Because of this expectation, camera manufacturers had to start learning things about the art and science of image processing that they never had to worry about before—things Kodak had been thinking about for over 100 years. Raw digital image data had to be processed into RGB before it even could be viewed on the camera's LCD!
Being in control of the image processing for the first time not only was a new responsibility, but it also represented an awesome new opportunity. For perhaps the very first time, camera makers could truly begin to differentiate themselves with the actual look of the image their cameras produced. And it wasn't very difficult to figure out what people were going to want in this regard. By then, we had over 60 years for "the look" of color film to be refined and etched into our minds, first with Kodachrome and Ektachrome setting the standard, and later with Fujichrome upping the ante with even more saturated color.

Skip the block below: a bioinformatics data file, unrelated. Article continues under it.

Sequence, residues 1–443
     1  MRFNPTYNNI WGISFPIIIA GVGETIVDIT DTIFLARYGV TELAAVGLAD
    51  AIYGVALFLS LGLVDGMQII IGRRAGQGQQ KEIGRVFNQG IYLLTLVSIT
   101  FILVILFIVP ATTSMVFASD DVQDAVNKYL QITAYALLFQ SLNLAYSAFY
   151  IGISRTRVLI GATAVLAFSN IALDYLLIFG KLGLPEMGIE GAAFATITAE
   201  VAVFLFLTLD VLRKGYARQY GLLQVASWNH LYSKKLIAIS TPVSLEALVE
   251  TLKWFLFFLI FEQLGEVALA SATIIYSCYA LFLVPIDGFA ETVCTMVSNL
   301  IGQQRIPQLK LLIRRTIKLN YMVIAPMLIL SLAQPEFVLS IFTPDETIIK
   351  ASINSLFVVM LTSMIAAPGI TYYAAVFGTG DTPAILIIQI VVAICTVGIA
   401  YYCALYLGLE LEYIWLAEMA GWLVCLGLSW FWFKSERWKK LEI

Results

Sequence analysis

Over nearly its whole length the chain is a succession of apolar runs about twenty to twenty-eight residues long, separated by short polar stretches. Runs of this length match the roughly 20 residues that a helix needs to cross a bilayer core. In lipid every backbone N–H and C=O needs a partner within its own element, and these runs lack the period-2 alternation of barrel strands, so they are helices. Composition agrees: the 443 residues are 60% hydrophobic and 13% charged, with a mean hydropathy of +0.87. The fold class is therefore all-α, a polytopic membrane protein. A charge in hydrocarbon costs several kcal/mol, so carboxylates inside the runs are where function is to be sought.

So camera manufacturers had a very well-defined look to aim for when setting out to tune their in-camera processing. The result of that processing was an RGB image written directly to the camera card in JPEG or TIFF format. If the camera didn't allow you to save the raw exposure data, what we now think of as the "digital negative" simply evaporated. Even today, most smartphones and point-and-shoot cameras still work this way. Letting the photographer have access to the original raw, unprocessed image data was a pretty radical idea. And, at first, I'm not even sure photographers knew what they would do with raw files, either. There weren't any consumer-level tools available for processing camera raw files, so what would they do with them?
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